Links That Think – Falling With Grace

I’ve been doing a lot more reading than writing lately.

Given that I follow about 200 RSS feeds in my Google Reader, a convergence of ideas usually takes some strain – however, this evening I found a sequence of posts that was particularly elegant.

I’ve been giving a lot of thought to project planning, preparation, and the effects of preparation lately. As I’m revving my motor back up after vacation, I’m finding a lot of other people are being intentional about getting back into the swing of things as well.

First, Uncle Seth talks about how to fail – something we can all get better at. When I was learning Judo in my early teens, I found it fascinating that almost the entire White Belt is about falling correctly when you’re thrown. What can we learn about failing correctly, so that we land and spring back up when we’re thrown?

Then, Stan the Man at Pushing Social gave us some hints on how to fall into the “Burnout Sucker Punch” with grace – which is a great head-first guide to finding ways out of that pit of writing anhedonia.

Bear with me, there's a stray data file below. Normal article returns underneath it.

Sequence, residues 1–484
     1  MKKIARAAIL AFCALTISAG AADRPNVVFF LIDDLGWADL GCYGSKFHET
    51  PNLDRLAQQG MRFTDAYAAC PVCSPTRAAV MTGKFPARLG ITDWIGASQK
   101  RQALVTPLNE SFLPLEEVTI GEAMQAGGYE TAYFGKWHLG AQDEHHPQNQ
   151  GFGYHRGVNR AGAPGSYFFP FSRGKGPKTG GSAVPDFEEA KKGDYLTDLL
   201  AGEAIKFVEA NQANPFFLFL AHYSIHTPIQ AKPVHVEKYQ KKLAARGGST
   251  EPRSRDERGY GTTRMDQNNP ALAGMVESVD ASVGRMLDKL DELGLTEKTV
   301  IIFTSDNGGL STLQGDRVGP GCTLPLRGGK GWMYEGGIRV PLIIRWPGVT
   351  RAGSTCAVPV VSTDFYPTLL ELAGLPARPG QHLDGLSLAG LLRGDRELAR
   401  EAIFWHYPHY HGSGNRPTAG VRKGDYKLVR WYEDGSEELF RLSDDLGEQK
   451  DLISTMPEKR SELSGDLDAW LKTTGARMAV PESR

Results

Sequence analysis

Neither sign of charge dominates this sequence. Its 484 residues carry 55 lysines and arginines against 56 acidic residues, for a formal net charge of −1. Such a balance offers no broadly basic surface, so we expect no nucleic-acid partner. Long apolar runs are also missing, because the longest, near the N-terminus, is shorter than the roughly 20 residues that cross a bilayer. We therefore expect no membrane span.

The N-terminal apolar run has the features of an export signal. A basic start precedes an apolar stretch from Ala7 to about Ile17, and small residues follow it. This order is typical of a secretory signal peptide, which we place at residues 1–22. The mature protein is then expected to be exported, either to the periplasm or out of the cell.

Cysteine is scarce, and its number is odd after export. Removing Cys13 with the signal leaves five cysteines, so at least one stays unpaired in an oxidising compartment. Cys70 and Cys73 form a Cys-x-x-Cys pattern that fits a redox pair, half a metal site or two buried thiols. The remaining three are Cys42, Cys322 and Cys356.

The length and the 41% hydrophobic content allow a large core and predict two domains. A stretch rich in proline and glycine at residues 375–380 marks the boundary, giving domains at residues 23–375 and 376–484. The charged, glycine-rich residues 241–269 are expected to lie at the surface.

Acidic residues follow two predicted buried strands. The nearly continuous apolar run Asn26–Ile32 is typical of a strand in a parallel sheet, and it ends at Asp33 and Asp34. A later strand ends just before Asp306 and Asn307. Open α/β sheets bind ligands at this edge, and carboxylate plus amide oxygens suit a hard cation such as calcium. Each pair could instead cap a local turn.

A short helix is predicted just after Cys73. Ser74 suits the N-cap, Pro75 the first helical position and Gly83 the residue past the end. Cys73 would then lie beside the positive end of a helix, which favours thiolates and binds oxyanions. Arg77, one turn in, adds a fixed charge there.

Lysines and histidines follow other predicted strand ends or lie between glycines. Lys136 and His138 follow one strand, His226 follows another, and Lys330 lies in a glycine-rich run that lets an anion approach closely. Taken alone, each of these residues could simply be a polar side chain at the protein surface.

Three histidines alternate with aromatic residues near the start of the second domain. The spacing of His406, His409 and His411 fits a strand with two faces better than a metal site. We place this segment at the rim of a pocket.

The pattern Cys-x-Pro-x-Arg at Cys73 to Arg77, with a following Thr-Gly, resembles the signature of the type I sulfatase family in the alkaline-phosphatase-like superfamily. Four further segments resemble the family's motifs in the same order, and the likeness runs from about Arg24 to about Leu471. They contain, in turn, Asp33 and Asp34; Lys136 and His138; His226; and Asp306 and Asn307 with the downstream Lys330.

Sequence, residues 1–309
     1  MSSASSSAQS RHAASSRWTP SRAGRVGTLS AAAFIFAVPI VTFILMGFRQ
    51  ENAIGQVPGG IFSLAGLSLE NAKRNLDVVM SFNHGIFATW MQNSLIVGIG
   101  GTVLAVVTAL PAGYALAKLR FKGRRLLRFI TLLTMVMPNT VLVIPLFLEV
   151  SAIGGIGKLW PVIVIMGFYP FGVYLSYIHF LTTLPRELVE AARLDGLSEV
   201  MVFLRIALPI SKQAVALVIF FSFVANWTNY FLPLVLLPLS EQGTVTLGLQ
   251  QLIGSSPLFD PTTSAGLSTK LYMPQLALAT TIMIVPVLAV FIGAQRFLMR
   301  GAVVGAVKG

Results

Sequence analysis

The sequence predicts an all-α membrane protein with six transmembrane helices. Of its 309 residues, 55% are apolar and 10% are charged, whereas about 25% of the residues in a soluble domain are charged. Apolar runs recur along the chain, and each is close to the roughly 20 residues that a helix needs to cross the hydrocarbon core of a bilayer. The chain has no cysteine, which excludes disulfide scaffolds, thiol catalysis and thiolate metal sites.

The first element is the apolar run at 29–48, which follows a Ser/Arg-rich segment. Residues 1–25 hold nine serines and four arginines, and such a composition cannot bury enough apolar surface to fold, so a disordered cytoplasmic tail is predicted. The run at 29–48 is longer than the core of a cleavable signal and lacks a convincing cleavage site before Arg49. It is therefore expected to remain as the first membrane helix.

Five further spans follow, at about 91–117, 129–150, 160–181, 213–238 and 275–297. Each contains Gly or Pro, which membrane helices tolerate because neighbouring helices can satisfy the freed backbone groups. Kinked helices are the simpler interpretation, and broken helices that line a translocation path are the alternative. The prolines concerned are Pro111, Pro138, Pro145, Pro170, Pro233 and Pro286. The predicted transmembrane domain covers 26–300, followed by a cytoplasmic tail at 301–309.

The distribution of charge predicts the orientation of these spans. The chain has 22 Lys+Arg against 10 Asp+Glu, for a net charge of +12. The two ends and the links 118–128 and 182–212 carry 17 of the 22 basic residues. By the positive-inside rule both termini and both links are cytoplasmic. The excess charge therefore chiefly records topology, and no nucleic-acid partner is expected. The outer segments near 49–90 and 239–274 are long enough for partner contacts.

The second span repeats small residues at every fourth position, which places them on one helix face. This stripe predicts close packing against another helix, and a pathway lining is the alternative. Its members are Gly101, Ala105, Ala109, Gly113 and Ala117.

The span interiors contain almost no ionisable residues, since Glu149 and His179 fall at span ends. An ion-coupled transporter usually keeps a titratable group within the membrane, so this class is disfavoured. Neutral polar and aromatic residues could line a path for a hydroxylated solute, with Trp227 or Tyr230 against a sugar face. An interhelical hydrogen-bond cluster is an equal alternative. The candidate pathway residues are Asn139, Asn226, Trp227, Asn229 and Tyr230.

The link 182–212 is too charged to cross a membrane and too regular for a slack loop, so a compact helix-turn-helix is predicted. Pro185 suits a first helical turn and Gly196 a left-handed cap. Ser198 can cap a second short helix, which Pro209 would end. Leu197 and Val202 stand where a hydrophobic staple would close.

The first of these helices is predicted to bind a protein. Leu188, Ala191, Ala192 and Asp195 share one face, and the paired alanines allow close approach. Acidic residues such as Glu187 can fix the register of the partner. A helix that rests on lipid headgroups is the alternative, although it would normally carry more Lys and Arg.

Stan’s article reminded me of something James at Men with Pens wrote some time ago about avoiding writer’s fatigue – which still holds true. Setting yourself up early – like, before you even begin a project – is a good way to avoid, or at least delay, fatigue.

Preparation often equates with infrastructure – Amber Naslund dropped a post today about how, while infrastructure isn’t always sexy, it’s so necessary for whole preparedness. In particular, the preparedness she’s speaking of relates to moving on from social media being flash-in-the-pan to full integration. You can’tĀ integrate without infrastructure.

And speaking of integration – Simon Salt at The Inc Slingers wrote a particularly puissant post about the integrity of your personal brand – and, in essence, how shutting down (prolonging your state of prone repose) after a fall can be helpful. Simon was speaking not just of falling down, but intentionally stepping away for down time – which is also key.

What are you learning lately about falling down and getting back up?

  • Stanford @ PushingSocial

    This is a great resource Ian. Nice to know that I’m not the only one grappling with the Burnout boogie man.

    • Ian M Rountree

      Oh man, if you only knew. I think lots of people – especially those who “express” for a living as it were – struggle with a sudden void in creativity every so often.